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Can You Afford a Divorce?

By: Lorna Elliott LLB (hons), Barrister - Updated: 11 Mar 2018 |
 
Costs Divorce Lawyer Family Children

Divorce is one of the most stressful things you can go through in your life, but people often fail to consider the costs beforehand. However, once lawyers are involved, the whole of your marriage becomes about money and how that money is to be divided up between you and your former spouse, how your children will be provided for and who they will live with, the value of your family home, the division of personal items etc.

Financial Considerations

Going your separate ways can sometimes mean financial hardship for one or both parties. This is especially the case if only one person works full time. This means that parties need to look at going to work, claiming benefits, and seeking court orders in relation to housing and income. Whatever happens, there is likely to be considerable upheaval in your day to day lives.

If You Have Children

Often, the spouse who has been responsible for caring for the children will either not be working, or if they are working, they will have to consider their options in light of their current and ongoing needs, and their future ambitions.

The spouse who isn’t going to have care of the children is generally going to be liable for some kind of ongoing maintenance provision. This can be agreed amicably, as part of a court order, or may be instigated and pursued by the Child Support Agency. The amount that the “non-resident parent” will be required to pay depends on their level of income. There is a flat rate for those on benefits.

The Family Home

One party may decide to remain in the family home, or the property could be sold and the proceeds split between the parties. If your property is only in your spouse’s name it is important that you seek legal advice as soon as possible, especially if there is a lot of anger or mistrust in the relationship. The last thing you want is for your ex-partner to sell the property without your knowledge, or to raise a loan or mortgage against it without your permission.

The Legal Costs

In general, the more complicated your financial circumstances the more your divorce will cost. That is not to say, however, that a divorce that starts off being relatively straightforward will always end up that way. Sometimes, proceedings drag out longer than anticipated and you incur unforeseen costs.

You should remember that all the time your lawyer spends on your case costs you money. If you are upset about something that your spouse has done, or just want to offload on someone, the clock starts ticking as soon as your lawyer picks up the phone or starts reading your email. It is far better to contact someone in your support network such as a friend or family member.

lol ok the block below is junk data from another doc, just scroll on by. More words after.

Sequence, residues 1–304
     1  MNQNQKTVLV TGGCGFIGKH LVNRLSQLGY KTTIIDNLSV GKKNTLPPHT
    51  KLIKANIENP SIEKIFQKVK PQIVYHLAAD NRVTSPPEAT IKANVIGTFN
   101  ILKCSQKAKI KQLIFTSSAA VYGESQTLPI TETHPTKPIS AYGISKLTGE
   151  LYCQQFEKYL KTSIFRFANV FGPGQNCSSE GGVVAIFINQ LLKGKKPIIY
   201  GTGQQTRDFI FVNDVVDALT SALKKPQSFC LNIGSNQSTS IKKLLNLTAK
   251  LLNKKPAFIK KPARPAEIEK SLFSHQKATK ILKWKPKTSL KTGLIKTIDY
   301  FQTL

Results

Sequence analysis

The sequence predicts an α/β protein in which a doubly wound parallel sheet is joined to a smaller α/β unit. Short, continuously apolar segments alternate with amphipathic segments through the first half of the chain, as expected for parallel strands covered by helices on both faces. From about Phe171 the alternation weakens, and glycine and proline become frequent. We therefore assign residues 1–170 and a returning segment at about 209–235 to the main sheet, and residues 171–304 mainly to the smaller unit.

Reducing Your Legal Costs

Solicitors generally charge an hourly rate for their services. This amount will be subject to VAT at the prevailing rate, but will not include court fees, any fees payable for experts reports, and for "disbursements", which are essentially expenses incurred by solicitors for photocopying, telephone calls, postage etc. However, there are ways in which you can reduce the costs of your solicitor’s bill.

Try to keep your paperwork in order, and undertake as much of the research and information-gathering required for the divorce proceedings as you can. If you have the paperwork relating to your assets at hand, your solicitor will not have to write letters to obtain these themselves. Each letter your lawyer writes may cost you £30, so you can see how quickly the costs could add up. Finally, if you are able to agree to divide your assets amicably, do so – if your lawyer has to draw up a list of all your shared property, this is going to cost you yet more money.

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@RLR - In such circumstances it would be in both of your best interests to discuss this matter and attempt to work through this amicably. But, if you leave your children in the care of your husband, then you will be at a financial disadvantage straight away (in all likelihood the house would remain with your husband until your children were at least 18). You are in a financially tricky position as you have put all your eggs in one basket and left yourself without any financial independence. It really is worth paying for good legal advice.
Judy - 12-Mar-18 @ 10:30 AM
My husband & I own a business which provides our main source of income. We live on the same property as the business. If we separate I will be the one to leave our marital home as he has far more involvement in the business & needs to be on site. Since my home & income are linked to my husband I am worried if I leave I will end up with no money to pay for an alternative home. He controls how much I get paid out of the business & I worry he'll stop paying me even though I'm joint owner on the business & property. Also I think we'd share custody of our 2 young children but if I leave will I be seen as abandoning them & if I take them with me will it be seen as an unstable environment. I don't have any financial independence which is one of the reasons I want to leave but I don't know how to go about getting this. I also don't know if we could sell any of our assets right now for unrelated reasons but if not, how will I ever get my half back? Can I demand half the profits? What if he hides the true figures since he runs the finances? I'm so confused & feel completely at a loss. Please help!!!
RLR - 11-Mar-18 @ 10:46 AM
Collaberative process is a waste of money.Other party allowed to waste time and not get down to discussing then agreeing the financial split which has gone on for about 6 months.
Mag - 14-Mar-12 @ 2:17 AM
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